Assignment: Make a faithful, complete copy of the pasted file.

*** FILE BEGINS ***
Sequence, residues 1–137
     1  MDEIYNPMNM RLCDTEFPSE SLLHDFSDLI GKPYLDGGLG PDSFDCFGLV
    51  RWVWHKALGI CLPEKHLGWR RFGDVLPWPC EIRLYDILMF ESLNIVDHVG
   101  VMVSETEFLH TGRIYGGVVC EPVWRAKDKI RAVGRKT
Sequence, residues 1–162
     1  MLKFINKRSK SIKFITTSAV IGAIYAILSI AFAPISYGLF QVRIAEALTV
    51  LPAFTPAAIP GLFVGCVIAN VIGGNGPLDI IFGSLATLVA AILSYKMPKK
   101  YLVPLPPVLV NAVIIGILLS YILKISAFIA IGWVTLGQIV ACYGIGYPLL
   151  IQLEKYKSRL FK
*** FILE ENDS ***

Sequence, residues 1–137
     1  MDEIYNPMNM RLCDTEFPSE SLLHDFSDLI GKPYLDGGLG PDSFDCFGLV
    51  RWVWHKALGI CLPEKHLGWR RFGDVLPWPC EIRLYDILMF ESLNIVDHVG
   101  VMVSETEFLH TGRIYGGVVC EPVWRAKDKI RAVGRKT
Sequence, residues 1–162
     1  MLKFINKRSK SIKFITTSAV IGAIYAILSI AFAPISYGLF QVRIAEALTV
    51  LPAFTPAAIP GLFVGCVIAN VIGGNGPLDI IFGSLATLVA AILSYKMPKK
   101  YLVPLPPVLV NAVIIGILLS YILKISAFIA IGWVTLGQIV ACYGIGYPLL
   151  IQLEKYKSRL FK